Variants for the Virus that Causes COVID-19
Viruses constantly change through mutation, and new variants of a virus are expected to occur. If you think about a virus like a tree growing and branching out, each branch on the tree is slightly different than the others. The CDC is monitoring multiple variants of the virus that causes COVID-19, including four in the United States that seem to spread more easily than others. So far, studies suggest that current authorized vaccines work on these variants. The CDC recommends that everyone ages 12 and older should get a COVID-19 vaccination as soon as possible. The CDC has additional specific recommendations regarding COVID-19 vaccines for people with disabilities.
Variants in the United States
Currently there are four notable variants in the United States. These variants seem to spread more easily and quickly than other variants, which may lead to more cases of COVID-19. An increase in the number of cases will put more strain on healthcare resources, lead to more hospitalizations, and potentially more deaths.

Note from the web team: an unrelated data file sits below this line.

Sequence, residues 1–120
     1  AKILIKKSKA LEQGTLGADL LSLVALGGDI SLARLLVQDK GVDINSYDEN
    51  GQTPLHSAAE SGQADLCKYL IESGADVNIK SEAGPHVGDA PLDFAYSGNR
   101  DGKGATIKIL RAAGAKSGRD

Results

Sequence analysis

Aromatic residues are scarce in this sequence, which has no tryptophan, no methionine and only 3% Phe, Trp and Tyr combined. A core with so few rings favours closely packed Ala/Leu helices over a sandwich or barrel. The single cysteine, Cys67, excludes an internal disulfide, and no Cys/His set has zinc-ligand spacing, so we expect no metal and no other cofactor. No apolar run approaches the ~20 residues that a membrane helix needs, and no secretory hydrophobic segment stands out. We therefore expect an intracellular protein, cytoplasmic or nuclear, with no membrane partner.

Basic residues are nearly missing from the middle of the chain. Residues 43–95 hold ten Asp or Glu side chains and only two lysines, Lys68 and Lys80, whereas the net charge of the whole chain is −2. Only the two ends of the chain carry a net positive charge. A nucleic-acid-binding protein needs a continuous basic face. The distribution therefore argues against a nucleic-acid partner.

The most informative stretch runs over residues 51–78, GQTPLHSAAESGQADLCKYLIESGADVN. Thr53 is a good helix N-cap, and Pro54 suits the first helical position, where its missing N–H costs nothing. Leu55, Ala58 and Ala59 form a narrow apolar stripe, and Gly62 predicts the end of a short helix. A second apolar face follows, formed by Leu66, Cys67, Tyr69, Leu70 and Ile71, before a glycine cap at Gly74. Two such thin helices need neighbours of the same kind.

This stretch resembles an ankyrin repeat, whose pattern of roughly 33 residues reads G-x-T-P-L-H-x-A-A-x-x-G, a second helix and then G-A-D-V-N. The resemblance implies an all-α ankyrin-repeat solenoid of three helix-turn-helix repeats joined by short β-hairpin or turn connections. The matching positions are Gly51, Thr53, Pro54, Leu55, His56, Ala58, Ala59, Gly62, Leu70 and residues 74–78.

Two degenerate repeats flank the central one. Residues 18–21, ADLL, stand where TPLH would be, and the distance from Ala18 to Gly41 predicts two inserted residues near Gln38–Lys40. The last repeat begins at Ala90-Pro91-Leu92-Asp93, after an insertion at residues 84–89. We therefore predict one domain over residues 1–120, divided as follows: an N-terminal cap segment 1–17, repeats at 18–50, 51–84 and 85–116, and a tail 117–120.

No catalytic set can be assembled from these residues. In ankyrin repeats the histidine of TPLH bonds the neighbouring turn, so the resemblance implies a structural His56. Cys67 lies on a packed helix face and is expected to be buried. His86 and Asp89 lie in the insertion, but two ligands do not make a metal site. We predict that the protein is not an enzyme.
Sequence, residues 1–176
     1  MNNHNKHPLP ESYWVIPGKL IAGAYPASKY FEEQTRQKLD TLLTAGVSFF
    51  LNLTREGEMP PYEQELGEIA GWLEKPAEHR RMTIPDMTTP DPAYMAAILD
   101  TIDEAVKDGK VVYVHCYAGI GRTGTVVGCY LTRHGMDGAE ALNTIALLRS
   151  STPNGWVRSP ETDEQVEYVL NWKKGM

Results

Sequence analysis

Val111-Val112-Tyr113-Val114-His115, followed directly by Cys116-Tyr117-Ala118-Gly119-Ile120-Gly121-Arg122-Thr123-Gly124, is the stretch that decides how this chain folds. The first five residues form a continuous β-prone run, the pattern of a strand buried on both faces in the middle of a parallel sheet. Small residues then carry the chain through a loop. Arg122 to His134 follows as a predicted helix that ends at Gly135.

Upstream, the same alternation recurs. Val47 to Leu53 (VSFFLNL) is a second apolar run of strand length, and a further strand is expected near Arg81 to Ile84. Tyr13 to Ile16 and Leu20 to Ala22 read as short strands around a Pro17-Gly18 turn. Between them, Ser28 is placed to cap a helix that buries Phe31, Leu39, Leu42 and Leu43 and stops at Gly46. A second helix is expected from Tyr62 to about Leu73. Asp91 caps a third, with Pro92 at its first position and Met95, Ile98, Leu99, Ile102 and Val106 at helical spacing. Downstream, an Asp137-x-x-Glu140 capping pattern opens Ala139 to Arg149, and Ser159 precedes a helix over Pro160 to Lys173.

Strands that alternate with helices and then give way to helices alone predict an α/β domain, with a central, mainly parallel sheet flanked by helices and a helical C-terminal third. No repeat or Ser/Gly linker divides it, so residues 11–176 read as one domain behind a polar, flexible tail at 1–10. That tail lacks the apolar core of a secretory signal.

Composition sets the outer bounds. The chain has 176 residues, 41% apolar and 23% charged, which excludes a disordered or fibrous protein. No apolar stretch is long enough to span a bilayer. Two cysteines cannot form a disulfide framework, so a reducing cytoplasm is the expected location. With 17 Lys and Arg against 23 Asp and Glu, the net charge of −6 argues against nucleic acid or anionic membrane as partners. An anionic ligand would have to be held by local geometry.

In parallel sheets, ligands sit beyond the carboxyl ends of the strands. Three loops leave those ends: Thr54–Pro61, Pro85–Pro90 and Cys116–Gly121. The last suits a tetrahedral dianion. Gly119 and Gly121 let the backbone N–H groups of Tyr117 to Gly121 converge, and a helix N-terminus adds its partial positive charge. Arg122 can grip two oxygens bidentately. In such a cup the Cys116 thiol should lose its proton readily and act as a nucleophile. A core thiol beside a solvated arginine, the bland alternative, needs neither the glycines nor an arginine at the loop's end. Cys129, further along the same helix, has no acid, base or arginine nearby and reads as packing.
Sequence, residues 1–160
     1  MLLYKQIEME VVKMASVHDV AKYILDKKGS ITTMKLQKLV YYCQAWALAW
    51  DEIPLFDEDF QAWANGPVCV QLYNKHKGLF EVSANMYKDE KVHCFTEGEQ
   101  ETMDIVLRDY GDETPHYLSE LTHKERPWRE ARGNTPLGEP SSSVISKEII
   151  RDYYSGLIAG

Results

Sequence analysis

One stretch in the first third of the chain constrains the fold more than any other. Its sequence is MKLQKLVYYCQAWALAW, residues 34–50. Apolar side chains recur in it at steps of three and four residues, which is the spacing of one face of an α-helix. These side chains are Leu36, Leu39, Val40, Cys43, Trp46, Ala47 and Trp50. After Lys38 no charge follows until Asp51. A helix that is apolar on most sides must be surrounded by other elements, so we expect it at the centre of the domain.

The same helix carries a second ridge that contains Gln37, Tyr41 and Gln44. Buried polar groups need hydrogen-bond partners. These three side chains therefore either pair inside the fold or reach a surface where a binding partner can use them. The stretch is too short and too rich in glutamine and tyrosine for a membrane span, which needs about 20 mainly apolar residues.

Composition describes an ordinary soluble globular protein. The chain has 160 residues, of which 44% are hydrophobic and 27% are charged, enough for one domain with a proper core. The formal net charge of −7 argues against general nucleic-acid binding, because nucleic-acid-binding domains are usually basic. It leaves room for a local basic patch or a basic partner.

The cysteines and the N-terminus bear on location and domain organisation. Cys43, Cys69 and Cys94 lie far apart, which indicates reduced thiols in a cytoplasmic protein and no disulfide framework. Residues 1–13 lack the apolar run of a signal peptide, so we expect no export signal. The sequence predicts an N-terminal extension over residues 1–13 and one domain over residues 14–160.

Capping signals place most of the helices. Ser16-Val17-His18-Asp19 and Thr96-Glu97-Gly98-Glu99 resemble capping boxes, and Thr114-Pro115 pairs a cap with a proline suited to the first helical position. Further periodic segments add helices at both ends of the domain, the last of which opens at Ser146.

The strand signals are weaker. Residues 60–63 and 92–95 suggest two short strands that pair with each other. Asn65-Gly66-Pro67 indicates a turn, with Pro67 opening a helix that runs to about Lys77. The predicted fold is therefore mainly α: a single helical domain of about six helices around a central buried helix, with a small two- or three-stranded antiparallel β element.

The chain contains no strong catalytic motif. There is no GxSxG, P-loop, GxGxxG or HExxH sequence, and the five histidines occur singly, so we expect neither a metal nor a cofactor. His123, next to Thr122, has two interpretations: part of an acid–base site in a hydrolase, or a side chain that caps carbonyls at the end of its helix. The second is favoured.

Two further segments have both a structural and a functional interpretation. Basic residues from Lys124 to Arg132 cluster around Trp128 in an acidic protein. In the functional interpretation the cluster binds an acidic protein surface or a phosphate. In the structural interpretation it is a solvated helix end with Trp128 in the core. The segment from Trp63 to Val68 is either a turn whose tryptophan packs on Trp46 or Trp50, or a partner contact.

So far, studies suggest that the current authorized vaccines work on the circulating variants. Scientists will continue to study these and other variants.
- B.1.1.7 (Alpha): This variant was first detected in the United States in December 2020. It was initially detected in the United Kingdom.
- B.1.351 (Beta): This variant was first detected in the United States at the end of January 2021. It was initially detected in South Africa in December 2020.
- P.1 (Gamma): This variant was first detected in the United States in January 2021. P.1 was initially identified in travelers from Brazil, who were tested during routine screening at an airport in Japan, in early January.
- B.1.617.2 (Delta): This variant was first detected in the United States in March 2021. It was initially identified in India in December 2020.
This post is an excerpt of the July 6 newsletter from the CDC titled “About Variants of the Virus that Causes COVID-19“